“Sometimes you’re thinking, ‘Okay, is there something wrong with me, because I found that funny?’” Teller says. “‘Was I not supposed to find that funny?’”
In what became the defining scene of the Cannes premiere, a bloody warehouse manhunt turns into a drawn-out driving sequence to Barry Manilow’s “Mandy.”
“It becomes this campy-like music video in the middle of this really intense episode,” Teller says. “I was just cracking up the first time I saw it. Last night at the [L.A.] premiere, people were just dying. It’s so good.”
The dark humor helps to break up some of the series’ more intense moments and themes. Refn is notorious for bloody cinema and his films have featured everything from wrist-nailing and face-stomping to dismemberment and cannibalization. But Teller says he appreciates Refn’s treatment of violence. His style makes the violence hypnotic and hyperreal. The violence is a mood.
Scott GarfieldAmazon Prime
As Teller’s character navigates the L.A. underworld, though, he begins accepting contracts for the “worst guys,” including pedophiles and rapists. And here the scenes begin depicting a different sort of violence and different kind of mood, one viewers will certainly be less comfortable experiencing. Though Refn balks when discussing what his films are “about,” it’s clear that at least one theme the series tackles is the treatment of women. And that kidnapped girl in the desert wasn’t simply buried for a moment of violent comedy.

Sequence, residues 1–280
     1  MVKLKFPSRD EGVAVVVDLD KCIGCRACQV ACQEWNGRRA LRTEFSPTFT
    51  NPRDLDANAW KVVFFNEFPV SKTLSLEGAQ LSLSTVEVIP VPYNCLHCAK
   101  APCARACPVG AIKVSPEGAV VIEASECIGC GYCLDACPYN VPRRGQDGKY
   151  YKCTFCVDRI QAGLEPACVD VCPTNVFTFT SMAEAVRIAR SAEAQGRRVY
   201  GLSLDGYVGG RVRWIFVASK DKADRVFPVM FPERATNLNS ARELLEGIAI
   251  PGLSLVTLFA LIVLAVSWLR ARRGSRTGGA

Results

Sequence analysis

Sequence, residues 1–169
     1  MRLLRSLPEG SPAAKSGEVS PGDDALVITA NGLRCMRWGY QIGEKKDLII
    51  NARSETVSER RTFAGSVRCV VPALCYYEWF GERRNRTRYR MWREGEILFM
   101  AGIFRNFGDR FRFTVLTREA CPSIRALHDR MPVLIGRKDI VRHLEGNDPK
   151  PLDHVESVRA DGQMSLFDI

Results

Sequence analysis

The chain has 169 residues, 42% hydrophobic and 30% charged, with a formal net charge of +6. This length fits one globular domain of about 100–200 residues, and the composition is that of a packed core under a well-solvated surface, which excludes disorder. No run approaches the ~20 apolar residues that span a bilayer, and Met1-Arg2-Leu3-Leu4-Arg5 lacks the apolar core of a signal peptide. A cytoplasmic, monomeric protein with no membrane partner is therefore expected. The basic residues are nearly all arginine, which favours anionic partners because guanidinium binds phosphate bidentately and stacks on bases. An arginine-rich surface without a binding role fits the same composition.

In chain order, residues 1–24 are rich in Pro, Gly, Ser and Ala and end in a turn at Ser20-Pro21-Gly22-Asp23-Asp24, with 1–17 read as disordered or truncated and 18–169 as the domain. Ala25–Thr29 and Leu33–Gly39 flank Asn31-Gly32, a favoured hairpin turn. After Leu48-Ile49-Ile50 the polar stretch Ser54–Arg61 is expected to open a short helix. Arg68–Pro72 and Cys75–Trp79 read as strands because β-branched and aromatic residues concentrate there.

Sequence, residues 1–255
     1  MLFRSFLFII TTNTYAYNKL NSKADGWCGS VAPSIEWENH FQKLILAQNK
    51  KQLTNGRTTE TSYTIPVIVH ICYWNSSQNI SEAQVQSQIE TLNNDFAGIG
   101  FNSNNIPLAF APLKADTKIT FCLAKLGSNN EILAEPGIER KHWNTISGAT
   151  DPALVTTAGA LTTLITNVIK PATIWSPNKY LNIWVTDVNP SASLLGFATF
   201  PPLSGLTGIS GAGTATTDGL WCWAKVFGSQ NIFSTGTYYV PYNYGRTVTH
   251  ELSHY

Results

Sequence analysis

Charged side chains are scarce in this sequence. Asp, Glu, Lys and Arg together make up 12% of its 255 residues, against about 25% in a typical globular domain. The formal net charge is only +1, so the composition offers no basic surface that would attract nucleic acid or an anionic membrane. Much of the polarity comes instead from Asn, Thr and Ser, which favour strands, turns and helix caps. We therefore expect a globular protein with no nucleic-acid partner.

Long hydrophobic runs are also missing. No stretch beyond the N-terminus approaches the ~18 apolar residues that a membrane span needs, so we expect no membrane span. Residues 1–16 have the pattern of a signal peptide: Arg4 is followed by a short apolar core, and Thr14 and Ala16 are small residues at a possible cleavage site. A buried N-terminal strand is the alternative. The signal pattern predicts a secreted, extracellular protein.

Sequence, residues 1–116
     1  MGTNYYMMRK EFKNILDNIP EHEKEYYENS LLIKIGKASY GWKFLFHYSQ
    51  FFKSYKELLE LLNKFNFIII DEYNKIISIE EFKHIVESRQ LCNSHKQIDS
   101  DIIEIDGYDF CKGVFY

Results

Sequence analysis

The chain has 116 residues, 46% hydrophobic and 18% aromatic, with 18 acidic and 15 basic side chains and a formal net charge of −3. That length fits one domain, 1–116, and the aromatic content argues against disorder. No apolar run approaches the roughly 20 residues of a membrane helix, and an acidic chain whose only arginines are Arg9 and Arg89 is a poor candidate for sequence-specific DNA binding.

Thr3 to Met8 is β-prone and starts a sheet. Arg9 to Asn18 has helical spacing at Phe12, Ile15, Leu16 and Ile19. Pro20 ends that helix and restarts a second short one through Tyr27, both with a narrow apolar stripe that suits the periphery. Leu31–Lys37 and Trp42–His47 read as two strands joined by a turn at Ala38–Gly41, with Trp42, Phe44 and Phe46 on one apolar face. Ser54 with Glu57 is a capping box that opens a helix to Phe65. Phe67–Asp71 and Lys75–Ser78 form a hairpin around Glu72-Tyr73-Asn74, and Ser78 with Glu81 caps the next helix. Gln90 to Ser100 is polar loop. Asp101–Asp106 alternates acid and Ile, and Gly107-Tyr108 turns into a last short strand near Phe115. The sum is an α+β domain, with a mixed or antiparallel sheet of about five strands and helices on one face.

“We’re trying to show pure evil on screen,” Teller clarifies. “I can look at a painting. I can listen to a song. I can engage in all these different things that deal with this subject matter that we deal with.” Teller’s point is that themes of sexual violence permeate other mediums. It may be more uncomfortable to see them in film, but that treatment shouldn’t somehow disqualify the film as art. And Teller says that the series, like the best art, isn’t trying to make a statement. “We’re putting it on screen. And then it’s up to you. It’s up to the viewer to decide how they feel about it.”
Teller says reactions from the women in his life have been positive, and he doesn’t believe that taking “offense” should be a gendered concern.
“Most of my team are women. And they all really enjoyed [the series]. You know, I don’t think that sex has anything to do with what you’re entertained or offended by. I think we can all humanize. Hopefully you can sympathize with woman and woman can with man. But as far as entertainment, what you find entertaining, what you find repulsive—that’s just going to come down to the individual.”
Still, seven months of shooting seems a huge commitment for an actor, especially when his final product may goad and offend as much as it dazzles. That Teller took the role anyway suggests that, at least for now, private moments are his main act.